Pope Francis used his homily at a Mass for new cardinals to hold up a vision of holiness for the 19 new recipients of the red biretta, exhorting them to be docile to the Holy Spirit, to love their enemies and to answer the call to conversion.
During the Mass in St. Peter’s Basilica on Feb. 23, he also stressed that each member of the College of Cardinals enters the Church of Rome rather than a royal court.
"A cardinal — I say this especially to you — enters the Church of Rome, my brothers, not a royal court," the Holy Father told a packed basilica. "May all of us avoid, and help others to avoid, habits and ways of acting typical of a court: intrigue, gossip, cliques, favoritism and partiality."
He said their language should be that of the Gospel: Yes when we mean Yes and No when we mean No — and that their attitudes should be "those of the beatitudes and our way be that of holiness."
"Let us pray once more: ‘Merciful Father, by your help, may we be ever attentive to the voice of the Spirit. All of us want to listen to the voice of the Spirit," the Pope said.
Stressing that without the Holy Spirit all of our efforts are in vain, he exhorted the new cardinals to "make the effort to be converted, to experience a heartfelt conversion." This is something that "all of us — especially you cardinals and myself — must do," he said. "Conversion!"
Referring to the day’s Gospel reading from the Book of Matthew, Pope Francis reminded them to love their enemies and to "seek generously to do good to them."
‘Quicksand of Sin’
"My brother cardinals, Jesus did not come to teach us good manners, how to behave well at the table," he said. "To do that, he would not have had to come down from heaven and die on the cross. Christ came to save us, to show us the way, the only way out of the quicksand of sin; and this way of holiness is mercy, that mercy which he has shown and daily continues to show to us."
"To be a saint is not a luxury," the Pope added. "It is necessary for the salvation of the world. This is what the Lord is asking of us."
He stressed that Christians "do not aim to assert ourselves," but, rather, "oppose arrogance with meekness" and "forget the humiliations that we have endured." Guided by the Spirit of Christ, he urged the cardinals to be "channels" through which his charity might flow.
"This is the attitude of a cardinal; this must be how he acts," he said.
The Pope also stressed the importance of "goodness, forgiveness, service" and not to neglect duties towards one’s neighbor. He urged the cardinals not to shut out their brothers or sisters, for then it is God himself who is not being welcomed.
"A heart without love is like a deconsecrated church, a building withdrawn from God’s service and given over to another use," he said.
He closed by calling for unity in Christ and among themselves, and he implored the Holy Spirit, that they may be "ever more fervent in pastoral charity and filled with holiness."
Bear Witness to Truth
The Pope shared further instructions to the cardinals during the ordinary public consistory on Feb. 22, urging them not to conform themselves to a worldly mentality but instead to be courageous in proclaiming the Gospel and bearing witness to the truth at all times.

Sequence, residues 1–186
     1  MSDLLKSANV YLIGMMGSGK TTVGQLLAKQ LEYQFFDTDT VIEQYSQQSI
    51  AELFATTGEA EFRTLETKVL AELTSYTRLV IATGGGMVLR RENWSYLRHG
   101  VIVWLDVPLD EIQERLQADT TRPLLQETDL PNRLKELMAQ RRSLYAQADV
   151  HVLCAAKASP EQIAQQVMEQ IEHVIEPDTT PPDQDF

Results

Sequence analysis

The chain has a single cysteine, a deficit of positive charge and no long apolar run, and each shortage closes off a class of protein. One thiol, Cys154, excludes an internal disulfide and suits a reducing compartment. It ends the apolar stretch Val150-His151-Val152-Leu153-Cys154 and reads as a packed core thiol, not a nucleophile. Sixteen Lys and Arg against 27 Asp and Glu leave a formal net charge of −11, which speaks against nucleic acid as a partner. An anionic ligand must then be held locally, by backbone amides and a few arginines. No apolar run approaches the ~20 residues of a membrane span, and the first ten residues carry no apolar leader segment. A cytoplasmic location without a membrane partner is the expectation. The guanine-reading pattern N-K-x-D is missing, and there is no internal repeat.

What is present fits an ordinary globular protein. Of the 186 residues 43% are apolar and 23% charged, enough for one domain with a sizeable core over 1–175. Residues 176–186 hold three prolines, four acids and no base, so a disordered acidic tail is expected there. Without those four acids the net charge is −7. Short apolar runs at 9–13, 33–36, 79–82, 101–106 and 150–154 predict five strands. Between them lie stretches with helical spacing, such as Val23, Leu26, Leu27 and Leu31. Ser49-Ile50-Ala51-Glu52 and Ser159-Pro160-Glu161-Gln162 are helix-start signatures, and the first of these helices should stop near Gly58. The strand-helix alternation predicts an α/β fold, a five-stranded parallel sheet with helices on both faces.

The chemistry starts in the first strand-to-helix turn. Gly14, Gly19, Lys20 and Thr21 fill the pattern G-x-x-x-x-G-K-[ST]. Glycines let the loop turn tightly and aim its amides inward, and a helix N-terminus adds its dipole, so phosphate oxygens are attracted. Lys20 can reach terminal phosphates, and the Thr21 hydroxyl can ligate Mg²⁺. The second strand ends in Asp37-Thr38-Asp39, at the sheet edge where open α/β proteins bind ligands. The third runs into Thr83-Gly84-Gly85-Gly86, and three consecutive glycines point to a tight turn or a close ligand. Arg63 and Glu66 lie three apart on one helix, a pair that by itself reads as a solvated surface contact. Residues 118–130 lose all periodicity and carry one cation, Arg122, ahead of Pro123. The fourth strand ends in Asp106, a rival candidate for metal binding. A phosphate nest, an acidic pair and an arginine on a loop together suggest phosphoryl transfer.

Following the thinking of the world results in "rivalry, jealousy, factions," the Pope said, but the word of Jesus "purifies us inwardly" and enlightens our consciences "to unite ourselves fully with Jesus."
As in his Mass homily the next day, he urged the cardinals to allow themselves to be taught by the Holy Spirit and be united in Christ. He also underlined how much the Church needs the cardinals’ cooperation, communion and gifts.
"The Church needs your courage, to proclaim the Gospel at all times, both in season and out of season, and to bear witness to the truth," the Pope said. "The Church needs your prayer for the progress of Christ’s flock, the prayer that, together with the proclamation of the Word, is the primary task of the bishop.
"The Church needs your compassion, especially at this time of pain and suffering for so many countries throughout the world. We want to express our spiritual closeness to the ecclesial communities and to all Christians suffering from discrimination and persecution."
"The Church needs our prayer for them," he continued, "that they may be firm in faith and capable of responding to evil with good. And this prayer of ours extends to every man and woman suffering injustice on account of their religious convictions."
Finally, he said the Church "needs us also to be peacemakers, building peace by our words, our hopes and our prayers: Let us therefore invoke peace and reconciliation for those peoples presently experiencing violence and war."
Pope Emeritus Benedict XVI surprised many by also being present at the consistory. Pope Francis warmly embraced his predecessor, who was seated not far from the new cardinals.
Some have speculated whether Benedict XVI will attend the canonizations of John XXIII and John Paul II on April 27. His presence at the consistory has certainly increased the probability that he will.